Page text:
The Last Straw: San Francisco Targets Disposable Plastics

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By Joyce E. Cutler

Straws and takeout boxes made from fluorinated chemicals are the latest targets in San Francisco as the city looks to keep plastic out of its trash dumps.

An ordinance set to be debated by the city Board of Supervisors’ Public Safety and Neighborhood Services Committee in June comes 11 years after the city restricted use of plastic bags, which were eventually banned all across California in 2016.

The city’s ordinance banning single-use plastic straws and other plastic foodware is similar to neighboring Berkeley’s proposed Disposable Free Dining law. The Berkeley ordinance also includes a 25-cent fee for each disposable beverage cup or food container provided. The Oakland City Council on May 15 banned plastic straws unless a customer asks for one.

The plastic straw ban mirrors other state efforts to study or restrict use of products containing per- and polyfluoroalkyl substances (PFAS), which are linked to a range of health effects from low birth weights to elevated cholesterol levels.

The chemicals, commonly used in nonstick coatings and firefighting foams, can contaminate groundwater and soil. The Environmental Protection Agency hosted a two-day summit this week with state officials from across the country to discuss options for the substances. EPA Administrator Scott Pruitt has vowed to label two of the most pervasive of those chemicals—perfluorooctanoic acid (PFOA) and perfluorooctane sulfonate (PFOS)—hazardous under the Safe Drinking Water Act.

“We have to think of this a part of a spectrum of laws designed to help shift our culture around single-use disposable wear, and especially around plastics,” San Francisco Supervisor Katy Tang told Bloomberg Environment.

Chemicals a Statewide Concern

While San Francisco cracks down on the 1 million straws being used in the city each day, California is debating several bills also targeting disposable plastics and PFAS products. The measures would bar use of some plastic cups or require warning labels on clothing made from mostly 50 percent plastic fibers saying they shed microfibers when washed. Another bill would require the California Department of Toxic Substances Control to identify food packaging containing PFAS as a priority for further study and possible regulation.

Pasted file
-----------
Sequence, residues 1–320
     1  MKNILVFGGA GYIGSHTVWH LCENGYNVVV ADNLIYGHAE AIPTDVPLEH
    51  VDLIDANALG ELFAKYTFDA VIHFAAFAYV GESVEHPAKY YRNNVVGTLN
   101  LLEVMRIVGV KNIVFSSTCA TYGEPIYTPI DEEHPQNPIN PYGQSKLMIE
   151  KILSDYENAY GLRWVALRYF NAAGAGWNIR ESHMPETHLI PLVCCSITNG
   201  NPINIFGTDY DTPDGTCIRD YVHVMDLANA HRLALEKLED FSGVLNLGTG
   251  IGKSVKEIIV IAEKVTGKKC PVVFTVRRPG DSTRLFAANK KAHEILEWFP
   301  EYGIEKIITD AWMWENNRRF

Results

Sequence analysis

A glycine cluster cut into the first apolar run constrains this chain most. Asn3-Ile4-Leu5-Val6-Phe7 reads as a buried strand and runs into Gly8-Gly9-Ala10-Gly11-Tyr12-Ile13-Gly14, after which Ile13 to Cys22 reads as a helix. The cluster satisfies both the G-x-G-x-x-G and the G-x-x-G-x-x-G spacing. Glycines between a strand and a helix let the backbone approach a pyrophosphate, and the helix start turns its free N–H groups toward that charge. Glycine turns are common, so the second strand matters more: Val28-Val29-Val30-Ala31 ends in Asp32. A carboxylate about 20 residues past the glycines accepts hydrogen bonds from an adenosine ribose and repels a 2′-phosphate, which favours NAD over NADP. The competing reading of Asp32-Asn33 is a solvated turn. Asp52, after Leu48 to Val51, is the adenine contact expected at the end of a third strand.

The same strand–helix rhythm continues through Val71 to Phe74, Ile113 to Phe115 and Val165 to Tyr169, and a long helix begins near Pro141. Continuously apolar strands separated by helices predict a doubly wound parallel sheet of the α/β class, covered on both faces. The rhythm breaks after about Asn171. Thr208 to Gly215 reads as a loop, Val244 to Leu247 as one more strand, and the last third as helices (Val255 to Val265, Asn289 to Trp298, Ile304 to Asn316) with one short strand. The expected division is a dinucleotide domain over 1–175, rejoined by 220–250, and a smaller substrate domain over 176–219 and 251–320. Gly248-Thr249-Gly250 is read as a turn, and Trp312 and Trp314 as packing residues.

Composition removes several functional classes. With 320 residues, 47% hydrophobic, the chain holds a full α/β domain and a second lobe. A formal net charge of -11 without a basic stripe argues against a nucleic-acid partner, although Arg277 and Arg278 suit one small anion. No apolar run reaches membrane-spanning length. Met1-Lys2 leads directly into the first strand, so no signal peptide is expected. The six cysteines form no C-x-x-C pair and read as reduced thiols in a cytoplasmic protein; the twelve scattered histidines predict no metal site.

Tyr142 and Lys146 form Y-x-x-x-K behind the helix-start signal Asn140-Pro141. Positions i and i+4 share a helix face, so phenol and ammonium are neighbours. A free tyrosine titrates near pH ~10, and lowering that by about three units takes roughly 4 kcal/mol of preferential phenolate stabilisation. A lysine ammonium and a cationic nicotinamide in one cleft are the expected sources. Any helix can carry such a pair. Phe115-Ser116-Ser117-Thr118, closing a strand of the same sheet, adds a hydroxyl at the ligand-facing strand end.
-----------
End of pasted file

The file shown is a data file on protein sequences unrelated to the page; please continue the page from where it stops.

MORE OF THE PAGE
“What we know is that plastic in the water environment is effectively a carrier. The chemicals attach to it. It’s not just that we’re ingesting the plastic—we’re ingesting the chemicals that accumulate on the plastics,” Mark Murray, executive director of the nonprofit environmental research and advocacy organization Californians Against Waste, told Bloomberg Environment.

San Francisco’s potential ban on persistent chemical-containing foodware containers may be wider-reaching when combined with the provision mandating that foodware offered as compostable have a Biodegradable Products Institute (BPI) certification. That has restaurant operators concerned.

“The fluorinated chemicals is kind of a new focus, so we are still assessing what that means exactly in terms of overall cost,” Golden Gate Restaurant Association Executive Director Gwyneth Borden told Bloomberg Environment. “Obviously, nobody wants food material to be leaching terrible chemicals in the food,” especially in a community that cares about local, sustainable agriculture and a healthy food system, Borden said.

Zero Waste Goal

“By and large, many restaurants are already compliant. The question of whether or not they’re BPI certified is a little bit more complicated,” Borden said.

San Francisco isn’t requiring that all foodware be certified, Jack Macy, senior San Francisco zero waste coordinator, told Bloomberg Environment. “We want to make sure it meets the scientific standard for compostability. A large majority of these products are certified” with the BPI website listing products it certified.

Representatives for Starbucks Corp. and McDonald’s Corp. couldn’t be reached for comment.

Plastic straws, stirrers, and plugs that go into coffee are made of materials “that are theoretically possible” to recycle, “but they are so small and light that they drop through the cracks,” Debbie Raphael, San Francisco’s Department of the Environment director, told Bloomberg Environment.

The city’s goal, she said, is zero waste.

“I know it can be annoying, but sometimes we need government to pass laws in order to create that cultural shift. Because until someone enlightens you about the impacts of your daily behavior, you won’t realize it,” Tang said. “We’re hoping that the plastic straw ban is one of many, many things we need to address through legislation.”

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